Assuming the wheel is a perfectly uniform disk we know I = 1/2*m*r^2. So:

    F = F_t*m*r^2/(1/2*m*r^2)

    F = 2*F_t

    So the F acting on the center of mass of the wheel is actually twice the tangential force in this case. For a real wheel it would depend on the moment of inertia of the wheel. The fact remains that because of the constraint of rolling a force on the edge of the wheel was translated to become a force on the center of mass of the wheel.
  6. Jun 15, 2010 #5
    But the torque vector is in the z direction. How can it counter the force in the x direction?
  7. Jun 15, 2010 #6
    Don't confuse the direction of the torque with the direction of a force. The direction of a force determines many things. The direction of a torque does nothing but keep track of the sign information. It tells you if the force causing the torque is creating a positive of negative angular acceleration and that is all it does.
  8. Jun 15, 2010 #7


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    Do you actually see him adding torque to a force anywhere?

    No. He computes the torque-generating force, and then applies it to CM motion, which is proper way of dealing with rigid bodies.
  9. Jun 15, 2010 #8
    I don't want to rehash our disagreement here, I would like others to step in and explain their thoughts on this.
    Ksquared, You have already been told that the force was constant but then disagreed with spacecowboy immediately.
    Your reasoning that the rolling force cannot be constant because the wheel's angular acceleration is not constant is flawed. The constant of rolling resistance operates against the force to make the wheel turn. If I push the wheel in the x direction, the rolling resistance is in the -x direction but limited to Fmax. Since I can create forces in excess of Fmax, then I can increase angular acceleration. It is the difference between my force and Fmax and that can increase.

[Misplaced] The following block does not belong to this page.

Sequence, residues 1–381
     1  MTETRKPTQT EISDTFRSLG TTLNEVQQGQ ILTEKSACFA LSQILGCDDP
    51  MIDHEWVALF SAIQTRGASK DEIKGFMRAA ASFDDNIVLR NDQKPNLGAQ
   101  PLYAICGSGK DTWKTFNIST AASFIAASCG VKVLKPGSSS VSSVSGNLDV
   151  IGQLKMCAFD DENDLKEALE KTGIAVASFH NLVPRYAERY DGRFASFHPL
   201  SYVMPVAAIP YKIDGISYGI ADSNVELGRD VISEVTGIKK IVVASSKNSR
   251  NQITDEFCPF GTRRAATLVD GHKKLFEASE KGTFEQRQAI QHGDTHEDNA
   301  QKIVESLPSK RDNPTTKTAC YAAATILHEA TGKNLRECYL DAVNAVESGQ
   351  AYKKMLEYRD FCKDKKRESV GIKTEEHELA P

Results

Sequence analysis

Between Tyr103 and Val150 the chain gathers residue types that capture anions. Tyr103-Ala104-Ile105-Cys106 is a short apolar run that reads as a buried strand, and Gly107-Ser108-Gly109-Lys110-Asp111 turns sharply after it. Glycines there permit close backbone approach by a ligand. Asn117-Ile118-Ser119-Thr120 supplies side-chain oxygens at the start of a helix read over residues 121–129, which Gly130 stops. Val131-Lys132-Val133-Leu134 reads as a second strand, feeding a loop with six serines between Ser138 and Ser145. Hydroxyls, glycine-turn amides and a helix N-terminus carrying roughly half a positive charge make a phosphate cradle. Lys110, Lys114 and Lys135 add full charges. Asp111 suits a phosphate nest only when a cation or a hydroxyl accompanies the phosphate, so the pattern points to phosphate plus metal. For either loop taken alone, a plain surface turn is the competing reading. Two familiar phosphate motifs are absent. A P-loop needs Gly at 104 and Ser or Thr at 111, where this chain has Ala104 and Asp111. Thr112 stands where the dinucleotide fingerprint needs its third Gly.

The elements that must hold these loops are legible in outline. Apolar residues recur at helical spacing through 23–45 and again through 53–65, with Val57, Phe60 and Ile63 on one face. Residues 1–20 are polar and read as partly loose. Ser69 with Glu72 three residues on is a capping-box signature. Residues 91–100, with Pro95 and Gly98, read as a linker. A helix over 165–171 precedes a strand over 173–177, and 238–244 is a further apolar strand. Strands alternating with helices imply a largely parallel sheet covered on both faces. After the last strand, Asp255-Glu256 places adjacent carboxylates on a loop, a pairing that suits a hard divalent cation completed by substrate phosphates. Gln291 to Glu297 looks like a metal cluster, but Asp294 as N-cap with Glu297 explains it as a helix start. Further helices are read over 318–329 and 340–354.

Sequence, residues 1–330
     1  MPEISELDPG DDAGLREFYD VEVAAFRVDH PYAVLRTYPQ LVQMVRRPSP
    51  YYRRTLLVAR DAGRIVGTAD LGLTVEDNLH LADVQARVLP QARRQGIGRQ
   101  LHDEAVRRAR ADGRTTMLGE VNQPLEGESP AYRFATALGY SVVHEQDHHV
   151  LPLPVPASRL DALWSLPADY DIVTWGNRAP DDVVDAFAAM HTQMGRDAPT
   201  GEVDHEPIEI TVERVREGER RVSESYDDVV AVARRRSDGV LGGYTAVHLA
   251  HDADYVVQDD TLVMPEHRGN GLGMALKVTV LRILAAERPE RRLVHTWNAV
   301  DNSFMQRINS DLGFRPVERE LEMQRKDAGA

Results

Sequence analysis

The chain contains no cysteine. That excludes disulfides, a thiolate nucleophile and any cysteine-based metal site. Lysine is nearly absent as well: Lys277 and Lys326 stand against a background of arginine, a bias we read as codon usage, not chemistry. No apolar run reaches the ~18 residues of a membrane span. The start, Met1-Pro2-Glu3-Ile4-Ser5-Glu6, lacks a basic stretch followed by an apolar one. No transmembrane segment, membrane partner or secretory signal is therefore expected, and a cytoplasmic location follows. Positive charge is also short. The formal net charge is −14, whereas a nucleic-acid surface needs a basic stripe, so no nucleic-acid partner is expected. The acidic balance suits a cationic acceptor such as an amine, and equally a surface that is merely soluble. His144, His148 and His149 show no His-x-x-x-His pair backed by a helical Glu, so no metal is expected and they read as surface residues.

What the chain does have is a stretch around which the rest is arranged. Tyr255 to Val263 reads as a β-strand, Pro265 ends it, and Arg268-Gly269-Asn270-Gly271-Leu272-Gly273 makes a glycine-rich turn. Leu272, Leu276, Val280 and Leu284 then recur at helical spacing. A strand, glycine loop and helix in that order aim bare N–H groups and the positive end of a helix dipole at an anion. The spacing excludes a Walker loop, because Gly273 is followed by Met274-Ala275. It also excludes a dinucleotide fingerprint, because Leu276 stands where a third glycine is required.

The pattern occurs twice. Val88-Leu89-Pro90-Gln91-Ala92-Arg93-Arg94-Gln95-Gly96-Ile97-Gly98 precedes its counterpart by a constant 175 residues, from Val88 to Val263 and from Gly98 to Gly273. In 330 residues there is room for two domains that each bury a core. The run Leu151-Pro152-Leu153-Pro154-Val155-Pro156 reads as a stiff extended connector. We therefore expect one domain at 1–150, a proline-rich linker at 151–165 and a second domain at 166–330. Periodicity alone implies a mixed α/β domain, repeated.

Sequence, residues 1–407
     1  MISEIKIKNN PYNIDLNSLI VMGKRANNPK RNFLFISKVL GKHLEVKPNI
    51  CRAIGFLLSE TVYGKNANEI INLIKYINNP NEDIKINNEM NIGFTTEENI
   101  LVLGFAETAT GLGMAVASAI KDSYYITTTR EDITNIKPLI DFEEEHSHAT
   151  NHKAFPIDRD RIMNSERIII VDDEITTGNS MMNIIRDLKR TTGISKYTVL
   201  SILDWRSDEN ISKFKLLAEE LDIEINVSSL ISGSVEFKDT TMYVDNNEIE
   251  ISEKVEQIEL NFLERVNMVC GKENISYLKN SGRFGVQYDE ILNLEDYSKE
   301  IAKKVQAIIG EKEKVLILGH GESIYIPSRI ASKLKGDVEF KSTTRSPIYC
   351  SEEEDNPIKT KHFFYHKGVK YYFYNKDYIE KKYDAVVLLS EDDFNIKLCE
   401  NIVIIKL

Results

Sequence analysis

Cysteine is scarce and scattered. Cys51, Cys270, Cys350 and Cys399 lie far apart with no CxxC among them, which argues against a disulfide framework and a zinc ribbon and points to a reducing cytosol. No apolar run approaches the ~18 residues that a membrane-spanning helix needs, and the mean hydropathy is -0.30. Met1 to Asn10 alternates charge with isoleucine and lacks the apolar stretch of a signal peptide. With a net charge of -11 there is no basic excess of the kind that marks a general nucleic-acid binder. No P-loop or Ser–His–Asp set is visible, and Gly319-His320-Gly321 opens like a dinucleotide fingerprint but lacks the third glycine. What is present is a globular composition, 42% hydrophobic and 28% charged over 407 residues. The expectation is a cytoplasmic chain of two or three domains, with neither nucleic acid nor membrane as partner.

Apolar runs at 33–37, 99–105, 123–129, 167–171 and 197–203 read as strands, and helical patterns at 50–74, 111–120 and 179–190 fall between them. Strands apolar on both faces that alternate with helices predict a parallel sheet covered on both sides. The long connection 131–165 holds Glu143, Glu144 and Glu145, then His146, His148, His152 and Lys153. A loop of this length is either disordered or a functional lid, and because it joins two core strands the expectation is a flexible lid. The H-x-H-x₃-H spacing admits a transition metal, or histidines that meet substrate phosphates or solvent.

10. Jun 15, 2010 #9


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    Force you apply at fulcrum does not generate torque. The force applied at contact point generates torque. If that force is constant, torque is constant. If torque is constant, angular acceleration is constant.

    Simple, no?

    If you disagree, you'll have to show me another force generating torque.
  11. Jun 15, 2010 #10
    You will note that I started with a constant angular acceleration. This angular acceleration was completely general. That is any angular acceleration will behave in this manner. You will note that the bottom of a wheel is at zero velocity relative to what ever it is rolling on. Thus static friction determines the maximum tangential force that can be applied to the wheel before it slips. Rolling resistance accounts for SOME BUT NOT ALL of this maximum force. Which means if I place a torque on the wheel it will undergo further angular acceleration above and beyond the angular acceleration from rolling resistance. As long as the tangential force on the wheel is less than the maximum static frictional force between the wheel and the surface the wheels angular acceleration and the linear acceleration of its center of mass will stay linked as described.